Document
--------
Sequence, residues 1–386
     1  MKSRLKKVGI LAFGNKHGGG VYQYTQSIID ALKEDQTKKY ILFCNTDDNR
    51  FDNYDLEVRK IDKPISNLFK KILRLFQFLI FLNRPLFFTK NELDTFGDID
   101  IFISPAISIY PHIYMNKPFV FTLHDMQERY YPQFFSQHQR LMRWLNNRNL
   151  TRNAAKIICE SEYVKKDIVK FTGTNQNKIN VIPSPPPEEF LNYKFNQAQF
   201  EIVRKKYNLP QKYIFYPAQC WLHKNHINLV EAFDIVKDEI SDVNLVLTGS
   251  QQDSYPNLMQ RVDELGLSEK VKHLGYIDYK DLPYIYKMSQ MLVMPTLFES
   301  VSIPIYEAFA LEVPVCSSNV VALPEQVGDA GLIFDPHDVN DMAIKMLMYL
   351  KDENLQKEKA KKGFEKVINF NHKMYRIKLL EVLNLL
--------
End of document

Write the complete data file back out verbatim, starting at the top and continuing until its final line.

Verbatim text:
Sequence, residues 1–386
     1  MKSRLKKVGI LAFGNKHGGG VYQYTQSIID ALKEDQTKKY ILFCNTDDNR
    51  FDNYDLEVRK IDKPISNLFK KILRLFQFLI FLNRPLFFTK NELDTFGDID
   101  IFISPAISIY PHIYMNKPFV FTLHDMQERY YPQFFSQHQR LMRWLNNRNL
   151  TRNAAKIICE SEYVKKDIVK FTGTNQNKIN VIPSPPPEEF LNYKFNQAQF
   201  EIVRKKYNLP QKYIFYPAQC WLHKNHINLV EAFDIVKDEI SDVNLVLTGS
   251  QQDSYPNLMQ RVDELGLSEK VKHLGYIDYK DLPYIYKMSQ MLVMPTLFES
   301  VSIPIYEAFA LEVPVCSSNV VALPEQVGDA GLIFDPHDVN DMAIKMLMYL
   351  KDENLQKEKA KKGFEKVINF NHKMYRIKLL EVLNLL